The great British political thinker Edmund Burke regarded what some call “liberalism” today as incomprehensible, unworkable and unjust in the absence of widespread commitment to natural law. A similar argument can be made in our own time, says Acton research director Samuel Gregg:
Without natural law foundations, for instance, how can we determine what is and isn’t a right other than appeals to raw power or utility, neither of which can provide a principled case for rights? Or, on what other basis besides natural law can we articulate reasoned accounts of the origin and nature of national sovereignty over and against globalist organizations seeking to impose plastic conceptions of human nature upon entire nations in the name of “tolerance-respect-diversity”? And above all: how can we achieve acceptance of principles of natural justice in a world, and an America, marked by religious pluralism without appealing to some common basis that can be recognized by anyone as just precisely because it is grounded in right reason?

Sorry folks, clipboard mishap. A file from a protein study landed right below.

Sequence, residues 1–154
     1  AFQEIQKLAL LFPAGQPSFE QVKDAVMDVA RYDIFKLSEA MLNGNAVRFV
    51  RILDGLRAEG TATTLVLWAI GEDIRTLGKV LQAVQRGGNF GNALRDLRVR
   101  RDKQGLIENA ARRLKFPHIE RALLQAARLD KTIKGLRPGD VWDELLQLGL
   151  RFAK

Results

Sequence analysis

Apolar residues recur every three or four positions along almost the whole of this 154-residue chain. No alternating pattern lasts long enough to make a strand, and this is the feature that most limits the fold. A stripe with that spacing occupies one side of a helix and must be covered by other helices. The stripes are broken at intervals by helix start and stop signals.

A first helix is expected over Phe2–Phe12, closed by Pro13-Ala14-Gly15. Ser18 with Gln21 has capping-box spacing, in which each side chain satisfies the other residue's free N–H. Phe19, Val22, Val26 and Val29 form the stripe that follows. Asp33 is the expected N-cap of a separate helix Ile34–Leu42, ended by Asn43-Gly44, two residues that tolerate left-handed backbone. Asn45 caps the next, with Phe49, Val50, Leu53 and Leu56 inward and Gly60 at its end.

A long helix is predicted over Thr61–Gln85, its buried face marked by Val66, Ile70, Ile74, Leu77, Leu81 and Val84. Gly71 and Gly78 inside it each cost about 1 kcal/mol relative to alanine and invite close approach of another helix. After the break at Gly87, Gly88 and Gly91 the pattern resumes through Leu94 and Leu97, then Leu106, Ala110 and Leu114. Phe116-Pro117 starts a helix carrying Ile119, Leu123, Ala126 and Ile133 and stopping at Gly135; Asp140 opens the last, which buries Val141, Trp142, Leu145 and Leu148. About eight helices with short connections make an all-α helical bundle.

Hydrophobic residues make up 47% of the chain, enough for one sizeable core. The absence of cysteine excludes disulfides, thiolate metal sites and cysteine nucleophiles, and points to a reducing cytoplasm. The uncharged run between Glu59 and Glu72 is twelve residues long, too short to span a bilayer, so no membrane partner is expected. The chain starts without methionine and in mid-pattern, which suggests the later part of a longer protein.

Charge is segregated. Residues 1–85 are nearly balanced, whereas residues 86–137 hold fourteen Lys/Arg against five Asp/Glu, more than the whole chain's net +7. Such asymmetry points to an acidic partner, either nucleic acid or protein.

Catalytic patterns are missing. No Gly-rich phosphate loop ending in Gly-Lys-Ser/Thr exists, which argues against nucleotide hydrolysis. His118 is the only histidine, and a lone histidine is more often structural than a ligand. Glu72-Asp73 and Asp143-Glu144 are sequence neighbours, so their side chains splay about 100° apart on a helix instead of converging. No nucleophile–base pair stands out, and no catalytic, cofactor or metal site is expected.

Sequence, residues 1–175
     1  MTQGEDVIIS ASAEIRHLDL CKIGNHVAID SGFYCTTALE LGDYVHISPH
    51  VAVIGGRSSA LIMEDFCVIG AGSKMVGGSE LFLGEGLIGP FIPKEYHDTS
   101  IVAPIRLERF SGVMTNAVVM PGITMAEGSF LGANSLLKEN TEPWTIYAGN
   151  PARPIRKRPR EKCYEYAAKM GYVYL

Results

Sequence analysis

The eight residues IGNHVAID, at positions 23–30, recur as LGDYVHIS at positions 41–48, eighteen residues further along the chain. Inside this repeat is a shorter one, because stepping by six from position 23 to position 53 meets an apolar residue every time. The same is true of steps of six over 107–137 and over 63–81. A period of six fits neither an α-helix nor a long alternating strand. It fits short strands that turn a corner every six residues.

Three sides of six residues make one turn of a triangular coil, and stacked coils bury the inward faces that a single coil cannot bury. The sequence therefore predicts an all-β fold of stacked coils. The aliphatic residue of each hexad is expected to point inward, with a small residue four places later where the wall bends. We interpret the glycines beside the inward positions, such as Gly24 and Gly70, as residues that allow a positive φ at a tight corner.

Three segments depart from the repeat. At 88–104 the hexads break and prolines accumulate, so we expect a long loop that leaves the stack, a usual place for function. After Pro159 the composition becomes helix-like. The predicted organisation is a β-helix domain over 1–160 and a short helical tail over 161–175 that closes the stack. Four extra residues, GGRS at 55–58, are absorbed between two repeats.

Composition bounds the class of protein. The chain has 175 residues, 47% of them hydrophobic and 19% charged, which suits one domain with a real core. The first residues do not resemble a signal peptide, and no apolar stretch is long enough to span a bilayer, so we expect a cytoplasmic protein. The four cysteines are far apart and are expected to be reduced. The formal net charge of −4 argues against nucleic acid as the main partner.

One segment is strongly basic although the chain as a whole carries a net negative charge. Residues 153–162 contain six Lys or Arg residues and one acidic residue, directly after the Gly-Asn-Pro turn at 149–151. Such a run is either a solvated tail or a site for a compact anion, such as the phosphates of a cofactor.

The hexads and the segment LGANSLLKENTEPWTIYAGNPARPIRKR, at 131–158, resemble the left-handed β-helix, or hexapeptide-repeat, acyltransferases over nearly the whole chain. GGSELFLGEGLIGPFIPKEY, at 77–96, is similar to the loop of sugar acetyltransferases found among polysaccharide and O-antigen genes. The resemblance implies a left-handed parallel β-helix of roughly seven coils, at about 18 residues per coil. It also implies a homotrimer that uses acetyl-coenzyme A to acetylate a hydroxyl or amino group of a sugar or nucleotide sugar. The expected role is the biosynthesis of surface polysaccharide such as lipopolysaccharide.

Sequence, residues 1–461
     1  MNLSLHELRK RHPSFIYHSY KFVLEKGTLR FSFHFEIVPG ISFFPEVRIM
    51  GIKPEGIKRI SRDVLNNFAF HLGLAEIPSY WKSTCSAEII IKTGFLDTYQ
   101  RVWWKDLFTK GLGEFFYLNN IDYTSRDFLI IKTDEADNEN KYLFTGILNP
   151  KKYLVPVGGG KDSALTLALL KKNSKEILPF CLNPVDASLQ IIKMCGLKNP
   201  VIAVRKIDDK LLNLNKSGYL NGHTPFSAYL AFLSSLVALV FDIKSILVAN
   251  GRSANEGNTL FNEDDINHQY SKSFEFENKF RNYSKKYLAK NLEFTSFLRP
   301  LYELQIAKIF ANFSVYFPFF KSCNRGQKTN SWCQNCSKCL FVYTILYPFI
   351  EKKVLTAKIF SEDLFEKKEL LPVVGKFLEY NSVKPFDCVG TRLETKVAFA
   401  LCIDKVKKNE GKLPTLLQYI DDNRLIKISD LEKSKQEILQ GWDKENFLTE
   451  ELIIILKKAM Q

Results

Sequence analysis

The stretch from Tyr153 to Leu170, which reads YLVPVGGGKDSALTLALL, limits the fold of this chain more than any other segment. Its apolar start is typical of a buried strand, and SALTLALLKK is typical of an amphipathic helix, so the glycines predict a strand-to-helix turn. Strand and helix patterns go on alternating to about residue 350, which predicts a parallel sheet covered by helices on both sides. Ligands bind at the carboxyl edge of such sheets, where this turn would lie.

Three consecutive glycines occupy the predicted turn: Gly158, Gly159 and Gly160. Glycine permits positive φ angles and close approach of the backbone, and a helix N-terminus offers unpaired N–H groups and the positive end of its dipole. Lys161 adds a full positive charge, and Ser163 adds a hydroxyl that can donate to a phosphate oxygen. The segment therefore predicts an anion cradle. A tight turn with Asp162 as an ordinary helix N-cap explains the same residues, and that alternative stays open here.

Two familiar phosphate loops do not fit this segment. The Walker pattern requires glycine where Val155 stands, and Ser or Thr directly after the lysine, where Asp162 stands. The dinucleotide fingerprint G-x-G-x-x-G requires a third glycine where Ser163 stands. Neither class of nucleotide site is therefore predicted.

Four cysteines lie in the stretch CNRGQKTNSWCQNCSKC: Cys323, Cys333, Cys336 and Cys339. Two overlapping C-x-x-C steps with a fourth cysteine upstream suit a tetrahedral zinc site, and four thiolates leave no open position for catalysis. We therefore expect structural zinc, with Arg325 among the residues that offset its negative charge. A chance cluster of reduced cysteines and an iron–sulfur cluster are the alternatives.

Some critics of this line of thought object that it’s futile trying to re-found liberal institutions on natural law, let alone seeking to reinvigorate America’s constitutional order by recovering and unfolding its underlying classical moral design. Not everyone, the argument goes, is convinced by the claims of natural law. We consequently must look elsewhere if we want a political order free of illiberal liberalism. That may be why some have concluded that integralism offers a better way forward.